September 9, 1986 |
"The Litanies of Satan." Diamanda Galas. Target. $25. As a singer, Galas makes Nina Hagen sound like Anne Murray, and when she wields two microphones she looks like a glitter Gypsy impersonating a walrus. In this 20-minute concert video, director-editor Joe Reese finds good visual parallels for the demonic diva's atonal flights through Baudelaire, keeping things lively and providing some scary fun with solarizations, grainy altered images, strobe effects, freeze frames and ghostly emanations.
November 25, 1996 |
Diamanda Galas' most famous work is "Plague Mass." Her music has been called "Schrei Opera"--from the German word for "shriek." With a wildly shifting three-octave range and songs about tragic love, AIDS and the kind of joy that only arises from deep despair, Galas doesn't entertain, she threatens.
November 25, 2001
Art for therapy has been big for a long time--as long as I can remember, which is about 47 years. So long, that many readers can be incensed by Christopher Knight's sensible and closely reasoned article ("What Exactly Can Art Heal?," Nov. 4). Incensed, so far as I can gather, because for them, art's only value is therapeutic. Attack that and you're attacking art. And not just attacking art, but attacking artists and art societies and the people who have been or will be healed by art's gentle ministrations.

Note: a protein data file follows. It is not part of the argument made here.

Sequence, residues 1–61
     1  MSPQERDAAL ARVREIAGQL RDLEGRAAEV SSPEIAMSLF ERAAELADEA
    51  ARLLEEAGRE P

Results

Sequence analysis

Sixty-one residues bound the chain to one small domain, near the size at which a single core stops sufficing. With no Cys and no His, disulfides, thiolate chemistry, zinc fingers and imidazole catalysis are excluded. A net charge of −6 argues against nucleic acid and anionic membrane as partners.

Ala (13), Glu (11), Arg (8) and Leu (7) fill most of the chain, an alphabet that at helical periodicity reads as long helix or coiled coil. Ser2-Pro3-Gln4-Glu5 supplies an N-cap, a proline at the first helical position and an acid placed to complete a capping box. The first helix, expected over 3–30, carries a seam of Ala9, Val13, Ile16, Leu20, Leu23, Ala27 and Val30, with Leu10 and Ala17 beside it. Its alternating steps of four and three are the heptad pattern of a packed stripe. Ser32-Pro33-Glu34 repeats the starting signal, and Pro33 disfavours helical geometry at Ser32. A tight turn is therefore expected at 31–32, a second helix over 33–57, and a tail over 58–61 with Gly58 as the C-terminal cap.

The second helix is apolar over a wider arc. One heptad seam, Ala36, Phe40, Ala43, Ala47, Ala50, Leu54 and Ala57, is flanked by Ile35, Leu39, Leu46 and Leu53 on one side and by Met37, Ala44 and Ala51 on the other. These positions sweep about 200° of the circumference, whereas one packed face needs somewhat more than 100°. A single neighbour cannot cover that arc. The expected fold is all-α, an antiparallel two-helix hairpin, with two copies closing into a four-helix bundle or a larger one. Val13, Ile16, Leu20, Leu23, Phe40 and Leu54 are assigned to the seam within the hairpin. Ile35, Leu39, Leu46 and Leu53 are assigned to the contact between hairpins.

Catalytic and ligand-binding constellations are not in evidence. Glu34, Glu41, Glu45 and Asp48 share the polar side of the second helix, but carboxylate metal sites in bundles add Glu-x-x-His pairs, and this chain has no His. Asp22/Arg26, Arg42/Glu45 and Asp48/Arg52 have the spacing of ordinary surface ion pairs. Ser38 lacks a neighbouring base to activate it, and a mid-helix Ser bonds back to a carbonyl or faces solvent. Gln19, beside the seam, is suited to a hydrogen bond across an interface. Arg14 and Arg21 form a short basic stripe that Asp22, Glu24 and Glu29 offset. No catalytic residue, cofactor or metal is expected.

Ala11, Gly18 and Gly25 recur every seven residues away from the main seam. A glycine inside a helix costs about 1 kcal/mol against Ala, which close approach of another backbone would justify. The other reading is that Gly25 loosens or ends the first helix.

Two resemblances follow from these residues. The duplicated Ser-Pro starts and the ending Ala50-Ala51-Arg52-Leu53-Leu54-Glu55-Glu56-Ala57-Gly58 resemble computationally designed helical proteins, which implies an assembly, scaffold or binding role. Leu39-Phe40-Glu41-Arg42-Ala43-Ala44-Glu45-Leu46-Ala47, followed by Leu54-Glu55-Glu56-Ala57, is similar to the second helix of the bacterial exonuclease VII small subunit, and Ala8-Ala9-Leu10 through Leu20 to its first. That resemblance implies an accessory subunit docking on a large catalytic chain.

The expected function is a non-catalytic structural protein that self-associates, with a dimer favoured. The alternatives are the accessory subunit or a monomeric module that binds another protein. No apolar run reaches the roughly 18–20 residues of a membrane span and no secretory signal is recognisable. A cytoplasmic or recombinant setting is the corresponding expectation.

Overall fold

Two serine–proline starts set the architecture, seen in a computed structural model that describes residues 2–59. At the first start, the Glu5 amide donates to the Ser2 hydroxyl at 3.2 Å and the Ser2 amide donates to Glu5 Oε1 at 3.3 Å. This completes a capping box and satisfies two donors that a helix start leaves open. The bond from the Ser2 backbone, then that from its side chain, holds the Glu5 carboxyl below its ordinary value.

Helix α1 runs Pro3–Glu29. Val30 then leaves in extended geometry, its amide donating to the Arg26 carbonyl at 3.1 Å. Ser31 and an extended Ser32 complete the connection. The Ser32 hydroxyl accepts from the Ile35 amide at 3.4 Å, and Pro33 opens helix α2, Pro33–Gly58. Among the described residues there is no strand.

June 8, 1986 |
In this feature, The Times' Pop Music writers spotlight out-of-the-way albums of special merit. Album: "A Diamond Hidden in the Mouth of a Corpse" (Giorno Poetry Systems Records). Artists: Husker Du, David Johansen, John Giorno Band, William S. Burroughs, Sonic Youth, Cabaret Voltaire, Diamanda Galas, Coil, Michael Gira, David Van Tieghem, Jessica Hagedorn & the Gangster Choir.
December 1, 2001 |
An interesting crowd showed up at UCLA's Royce Hall on Thursday for the U.S. premiere of vocalist Diamanda Galas' newest work, "Defixiones, Will and Testament." Neutrally clad middle-agers, perhaps attuned to Galas during her new music/performance art days of the '80s, blended easily with the guy in a Motorhead T-shirt, goth rockers and fans of various and sundry hair hues.